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Judge praised for protecting autonomy
Litigant who spoke for himself in the Court of Protection describes the experience
A few days before Christmas, the Surrey Heartlands Health and Care Partnership made an urgent application to the Court of Protection — the court that makes financial or welfare decisions for people when they lack the mental capacity to take these decisions themselves.
The case involved JH, a man in his early 40s who grew up in Reigate. As a teenager he was diagnosed with what is now referred to as autism spectrum disorder. He eats no solid food and survives on a high-energy nutritional drink. He has a phobia of hospitals and is visibly undernourished. Doctors were worried that if he was exposed to infection he would not have the physical strength to resist it.
But this was not an application to bring JH into a clinical setting where his health could be monitored. On the contrary, the Surrey Heartlands integrated care board asked the court to declare that an advance decision made by JH in 2017 was valid. In the written document, JH had said he did not want to attend any hospital or medical setting if his health deteriorated. Nor did he want to receive intrusive treatment. The care board asked the court to confirm that its staff would not incur any liability for respecting JH’s decision and withholding the treatment that he had refused.
JH attended the hearing by telephone. A doctor gave evidence that JH retained the capacity to act as a litigant-in-person.
Mr Justice Hayden agreed with that assessment and granted the declaration requested by the care board. Explaining his decision, the senior judge said that JH
makes the most out of his circumstances. He gets great pleasure from life. Ultimately, he simply cannot accept the type of intrusive investigations contemplated here, even if such investigations ultimately improved the quality of his life and extend its duration. Refusing these procedures may not be a decision that many of us would consider to be right but, as I have said, that is not what falls into question here.
The court is required to protect JH’s capacity to take decisions for himself — both those that may be, objectively, ill-advised as well as those that might, more generally, be regarded as wise. I do not say necessarily that in his circumstances this is an unwise decision for JH. It may be that the admission for investigation might be so re-traumatising for him that its impact would be profound in an entirely different, but negative, way.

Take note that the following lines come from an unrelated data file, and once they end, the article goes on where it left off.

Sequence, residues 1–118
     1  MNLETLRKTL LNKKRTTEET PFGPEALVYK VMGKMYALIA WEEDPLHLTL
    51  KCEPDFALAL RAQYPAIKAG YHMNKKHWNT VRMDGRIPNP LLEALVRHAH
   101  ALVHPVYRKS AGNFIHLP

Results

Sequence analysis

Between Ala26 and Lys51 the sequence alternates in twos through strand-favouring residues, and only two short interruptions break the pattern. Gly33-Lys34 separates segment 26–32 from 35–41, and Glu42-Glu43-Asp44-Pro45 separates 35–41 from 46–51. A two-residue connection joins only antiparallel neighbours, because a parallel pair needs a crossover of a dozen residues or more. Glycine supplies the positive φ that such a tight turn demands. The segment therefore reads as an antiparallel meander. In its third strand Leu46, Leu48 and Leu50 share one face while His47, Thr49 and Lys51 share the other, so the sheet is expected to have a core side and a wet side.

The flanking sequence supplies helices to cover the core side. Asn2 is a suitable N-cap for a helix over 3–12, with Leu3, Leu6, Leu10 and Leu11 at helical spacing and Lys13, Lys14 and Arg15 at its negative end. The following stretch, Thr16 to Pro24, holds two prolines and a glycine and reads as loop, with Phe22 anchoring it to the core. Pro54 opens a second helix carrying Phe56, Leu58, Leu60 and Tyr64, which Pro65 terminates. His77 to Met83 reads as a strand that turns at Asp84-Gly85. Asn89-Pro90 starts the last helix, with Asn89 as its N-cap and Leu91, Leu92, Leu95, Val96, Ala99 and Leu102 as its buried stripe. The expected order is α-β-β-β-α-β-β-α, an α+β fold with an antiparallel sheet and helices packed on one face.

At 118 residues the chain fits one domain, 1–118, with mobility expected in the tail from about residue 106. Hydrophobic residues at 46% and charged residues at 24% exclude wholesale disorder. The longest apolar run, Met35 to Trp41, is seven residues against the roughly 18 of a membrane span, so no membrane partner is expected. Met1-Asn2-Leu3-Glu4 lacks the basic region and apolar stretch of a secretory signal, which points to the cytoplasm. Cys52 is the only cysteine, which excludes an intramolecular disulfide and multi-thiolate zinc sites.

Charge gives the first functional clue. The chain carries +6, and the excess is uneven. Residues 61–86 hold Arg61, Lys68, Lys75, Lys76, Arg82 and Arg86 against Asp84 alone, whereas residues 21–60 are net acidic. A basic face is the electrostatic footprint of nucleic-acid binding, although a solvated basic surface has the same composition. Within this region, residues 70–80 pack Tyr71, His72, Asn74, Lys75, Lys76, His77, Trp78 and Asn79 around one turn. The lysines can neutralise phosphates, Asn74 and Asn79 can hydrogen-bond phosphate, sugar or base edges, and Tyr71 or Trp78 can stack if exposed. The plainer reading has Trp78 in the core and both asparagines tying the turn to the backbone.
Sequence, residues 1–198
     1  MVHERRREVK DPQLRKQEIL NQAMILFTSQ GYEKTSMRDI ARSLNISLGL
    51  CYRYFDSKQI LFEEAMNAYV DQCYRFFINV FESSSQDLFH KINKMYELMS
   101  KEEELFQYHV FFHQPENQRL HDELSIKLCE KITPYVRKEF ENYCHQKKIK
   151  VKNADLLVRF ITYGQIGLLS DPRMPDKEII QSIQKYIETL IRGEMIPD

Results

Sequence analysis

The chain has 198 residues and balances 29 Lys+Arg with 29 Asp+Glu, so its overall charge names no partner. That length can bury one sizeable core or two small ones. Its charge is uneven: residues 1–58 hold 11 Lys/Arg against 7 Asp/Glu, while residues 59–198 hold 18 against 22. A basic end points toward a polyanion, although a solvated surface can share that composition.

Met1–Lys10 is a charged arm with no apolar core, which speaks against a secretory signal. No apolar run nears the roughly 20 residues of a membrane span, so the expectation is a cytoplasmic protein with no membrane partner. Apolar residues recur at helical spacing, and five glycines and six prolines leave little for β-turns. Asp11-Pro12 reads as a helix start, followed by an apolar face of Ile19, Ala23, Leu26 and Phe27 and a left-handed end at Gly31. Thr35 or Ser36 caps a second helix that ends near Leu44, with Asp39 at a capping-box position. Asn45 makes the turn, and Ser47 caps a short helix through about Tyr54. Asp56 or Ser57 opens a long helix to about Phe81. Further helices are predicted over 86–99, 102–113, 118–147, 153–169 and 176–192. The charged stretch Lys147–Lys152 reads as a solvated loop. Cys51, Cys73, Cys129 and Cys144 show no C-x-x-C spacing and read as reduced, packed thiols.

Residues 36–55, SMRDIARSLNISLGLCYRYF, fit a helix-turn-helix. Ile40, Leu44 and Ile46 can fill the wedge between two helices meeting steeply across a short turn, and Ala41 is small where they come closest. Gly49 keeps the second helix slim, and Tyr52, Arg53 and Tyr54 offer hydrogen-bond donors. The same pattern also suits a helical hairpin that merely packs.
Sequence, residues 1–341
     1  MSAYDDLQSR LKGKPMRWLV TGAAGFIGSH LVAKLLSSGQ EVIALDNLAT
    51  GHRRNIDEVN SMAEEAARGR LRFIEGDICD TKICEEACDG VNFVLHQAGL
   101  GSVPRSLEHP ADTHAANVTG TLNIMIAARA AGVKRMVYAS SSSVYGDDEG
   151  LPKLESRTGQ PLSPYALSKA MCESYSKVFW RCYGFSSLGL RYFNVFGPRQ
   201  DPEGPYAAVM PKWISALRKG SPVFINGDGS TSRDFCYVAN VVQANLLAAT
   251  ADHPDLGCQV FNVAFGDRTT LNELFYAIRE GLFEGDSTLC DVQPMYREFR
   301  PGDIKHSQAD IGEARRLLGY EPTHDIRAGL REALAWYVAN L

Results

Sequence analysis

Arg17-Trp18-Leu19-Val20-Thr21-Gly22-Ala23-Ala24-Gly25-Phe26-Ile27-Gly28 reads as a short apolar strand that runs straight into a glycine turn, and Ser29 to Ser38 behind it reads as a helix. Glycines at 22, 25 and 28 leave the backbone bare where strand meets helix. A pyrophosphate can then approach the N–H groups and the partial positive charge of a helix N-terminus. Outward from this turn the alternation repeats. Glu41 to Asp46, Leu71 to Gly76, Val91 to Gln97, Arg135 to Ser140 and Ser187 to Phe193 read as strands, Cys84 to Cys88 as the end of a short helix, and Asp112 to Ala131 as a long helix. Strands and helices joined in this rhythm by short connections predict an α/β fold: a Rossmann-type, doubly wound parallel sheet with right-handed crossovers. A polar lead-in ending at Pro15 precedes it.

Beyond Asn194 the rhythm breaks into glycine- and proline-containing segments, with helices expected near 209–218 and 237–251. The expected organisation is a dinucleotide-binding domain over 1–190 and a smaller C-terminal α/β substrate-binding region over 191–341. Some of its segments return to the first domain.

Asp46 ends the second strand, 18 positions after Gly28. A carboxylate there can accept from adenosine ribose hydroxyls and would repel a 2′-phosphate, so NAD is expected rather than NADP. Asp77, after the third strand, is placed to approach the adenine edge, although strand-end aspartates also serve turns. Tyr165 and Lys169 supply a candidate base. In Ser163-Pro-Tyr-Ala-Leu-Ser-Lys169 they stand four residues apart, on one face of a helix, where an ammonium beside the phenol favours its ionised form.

Thus far, there is nothing particularly unusual about the case. Hayden’s decision is entirely consistent with the law. But what makes this case unique is that we now have JH’s own view. It’s thought to be the first time that “P” — the patient or protected person in a case such as this — has given an interview about the experience of appearing as a party in the Court of Protection.
For JH, the process of telling his story for this blog post has been, he says, “empowering”. He is rightly proud of his role in the Court of Protection proceedings and feels that the outcome of the case has enabled him to be “a free man. Vindicated!”.
It’s a story he wants to tell so that other people who get caught up in disputes with health or social care teams can learn a bit more about how those disputes can be resolved in the Court of Protection — and perhaps they will be a bit less stressed and anxious by the idea of going to court when they realise from this blog post how “friendly” the judges can be.
He also wants to encourage other people to make advance decisions: “If you don’t have one of them, you have no chance! If you do, you have some protection for yourself.”
JH was interviewed by his cousin, referred to as NB. You can read the interview on the open justice website. It’s a revealing account of the challenges JH faced. This is how he summed up his experience:
I am happy with the judge’s decision and his attitude towards me as he was really nice to me. He came across as a friend — not at all like a judge, all stiff-collared!
I was pleased I represented myself as I know myself better than anyone else. I feel elated now that I never have to worry about being made to have investigations and treatments again. I hope that no one else has to go through the same harassment that I got from them and their controlling and paternalistic attitude.
I really hope this helps other people to stick up for themselves.
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